Monday, May 25, 2020

Memorial Day Ride - and RIP John Forester

I got out for a nice Memorial Day ride this morning. Our weather is sunny and unseasonably warm. I left early while it was still reasonably cool, hoping to beat the heat, but by the mid-point of my ride it must have already been nearing 80 degrees with high humidity.

I stopped for a photo near this little cottage in the national park. I'm not sure of the history of this place, but it has been vacant for as long as I can remember, and is (I believe) currently owned by the park service. They own a lot of the old houses in the park - some are used as offices, and a few are leased out to various groups, but not this one, apparently. It reminds me a bit of the cottage-style motels that used to dot the highways, but I don't think that's what this was. It's like a tiny duplex, in the midst of what used to be mostly farm land, so I wonder if it might have been lodging for seasonal farm workers for one of the local farms. Who knows? Cute little place, though - and a good spot for a bike photo.
The other thing I wanted to write about today was that I recently learned of the death of John Forester, whom many consider one of the "founders" of the modern bike advocacy movement, and the riding philosophy generally known as "vehicular cycling." I'm actually a bit late on this, as he died over a month ago on April 14 at age 90.

Forester was born in England in 1929, the son of Cecil Scott "C.S." Forester - author of such noted novels as the Horatio Hornblower series, and The African Queen (adapted into a classic film starring Humphrey Bogart and Katherine Hepburn). He moved with his family to California when he was 10 years old, and he would later take on American citizenship. He graduated from Berkely in the 1950s and had a stint in the U.S. Navy. He was a lifelong cyclist.

Living in the Palo Alto area in the 1970s, he famously received a ticket for riding in the street, and refusing to ride in the recently created bike-way. He fought the ordinance that mandated cyclists to use the bike-way and won. Many people cite that action as the beginning of a movement. He would go on to write numerous articles for cycling magazines, and became very involved in the fight against the Consumer Product Safety Commission's (CPSC) safety regulations on bicycles, which he believed were poorly written and conceived - and failed to distinguish adult bicycles from children's toys.

I have the 6th edition.
Forester should well be remembered for his book Effective Cycling which has been through 7 editions since it was first published in the 1970s. Though some people today may argue against some of his methodology, I believe his advice on sharing the road with motor vehicles - with the same rights, and responsibilities as motorists - is generally sound, and it is advice that I have long followed.

He was a controversial character in the bike advocacy movement, frequently ruffling feathers and clashing with other prominent advocates, in part because he was a staunch opponent of bike lanes and bicycle-specific infrastructure. That was a point that many modern advocates clashed with him on, and I'm sure there are some who believe that, if not for Forester, every city in the U.S. would be like Amsterdam. As for myself, I'm highly skeptical of such claims, and assume them to be grossly exaggerated. Personally, I tend to disagree with "all or nothing" approaches to anything, regardless of which side of an issue people are on, but in order to understand the reasoning behind Forester's stance, it's important to know that in his experience, and from his point of view, most bike lanes were poorly designed by people who did not ride or understand the needs of cyclists, and the efforts were typically undertaken NOT to help cyclists, but rather, to restrict them and keep them off the roads. People often described him as "inflexible" - but I think it helps to know where he was coming from.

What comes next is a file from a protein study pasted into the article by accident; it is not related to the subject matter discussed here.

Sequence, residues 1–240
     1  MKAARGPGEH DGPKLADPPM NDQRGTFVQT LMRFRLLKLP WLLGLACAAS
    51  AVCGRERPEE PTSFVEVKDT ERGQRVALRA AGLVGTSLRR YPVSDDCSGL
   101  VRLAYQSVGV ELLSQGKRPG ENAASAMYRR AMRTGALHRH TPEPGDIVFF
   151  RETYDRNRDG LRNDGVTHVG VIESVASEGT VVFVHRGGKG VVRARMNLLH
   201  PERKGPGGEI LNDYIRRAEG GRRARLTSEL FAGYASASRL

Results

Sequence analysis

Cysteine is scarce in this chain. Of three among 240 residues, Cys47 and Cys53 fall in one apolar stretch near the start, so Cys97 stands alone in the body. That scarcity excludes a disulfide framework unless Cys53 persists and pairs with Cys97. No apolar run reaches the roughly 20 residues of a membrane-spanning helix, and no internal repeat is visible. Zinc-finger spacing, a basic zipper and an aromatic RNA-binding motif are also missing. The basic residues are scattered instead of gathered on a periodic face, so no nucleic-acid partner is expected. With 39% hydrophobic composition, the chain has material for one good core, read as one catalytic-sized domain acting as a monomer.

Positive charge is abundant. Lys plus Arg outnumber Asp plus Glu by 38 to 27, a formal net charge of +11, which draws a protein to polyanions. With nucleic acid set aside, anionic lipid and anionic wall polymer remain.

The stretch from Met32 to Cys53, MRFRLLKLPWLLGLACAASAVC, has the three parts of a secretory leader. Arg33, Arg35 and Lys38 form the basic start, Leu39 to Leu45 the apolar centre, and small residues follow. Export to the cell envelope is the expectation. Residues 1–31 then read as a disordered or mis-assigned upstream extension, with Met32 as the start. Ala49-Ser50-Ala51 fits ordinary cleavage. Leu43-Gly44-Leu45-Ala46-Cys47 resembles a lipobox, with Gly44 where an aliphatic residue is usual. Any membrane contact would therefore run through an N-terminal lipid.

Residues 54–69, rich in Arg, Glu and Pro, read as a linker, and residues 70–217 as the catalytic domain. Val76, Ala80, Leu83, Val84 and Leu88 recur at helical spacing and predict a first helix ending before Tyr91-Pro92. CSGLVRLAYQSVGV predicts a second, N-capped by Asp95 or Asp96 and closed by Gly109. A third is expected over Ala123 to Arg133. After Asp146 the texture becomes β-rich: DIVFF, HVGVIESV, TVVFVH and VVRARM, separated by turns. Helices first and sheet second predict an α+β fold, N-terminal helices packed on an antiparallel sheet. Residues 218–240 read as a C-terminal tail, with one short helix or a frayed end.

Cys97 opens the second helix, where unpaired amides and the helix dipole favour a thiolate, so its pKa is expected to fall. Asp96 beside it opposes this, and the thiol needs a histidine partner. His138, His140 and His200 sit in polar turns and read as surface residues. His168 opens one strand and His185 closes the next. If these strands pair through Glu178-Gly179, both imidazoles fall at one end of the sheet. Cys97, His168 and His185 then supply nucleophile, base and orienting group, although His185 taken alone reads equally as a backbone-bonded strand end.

Whether people agreed or disagreed with him, I think a lot of us owe some gratitude to Forester. Rest in peace, sir.


  1. Thank you for that post; I'm reassured that I'm not the only cyclist who thinks that bicycle-specific infrastructure is so often a bad thing. To me, it encourages the view that bicycles and other HPVs don't belong on the road. I'm lucky enough to live in Oxford in the UK, which bills itself as a 'cycling city'. In reality, its cycling infrastructure is nothing special; rather, it has a lot of cyclists or, rather, people who use bicycles for day-to-day transport. This results in a degree of 'safety in numbers'. Motor vehicle drivers here seem much more alert to the presence of bicycles than they are elsewhere in the country, and there is a tacit acceptance that the cyclist must be given a degree of priority. Perhaps surprisingly, motorised traffic and bicycles actually mix quite well. RIP John Forester - let's hope his ideas live on.

  2. Thanks for this post. I did not see the obit before. John was another of the folks who enriched the cycling community in the Bay Area. I chatted with him a few times in the 70's and read his book and agreed pretty much entirely with his philosophy (and I led tours in the South Bay of the worst of the bike lanes and routes). What changed my mind decades later was seeing how many additional people showed up on the streets of San Francisco after the city installed the first big bunch of bike lanes and infrastructure. Amazing what the perception of safety can do.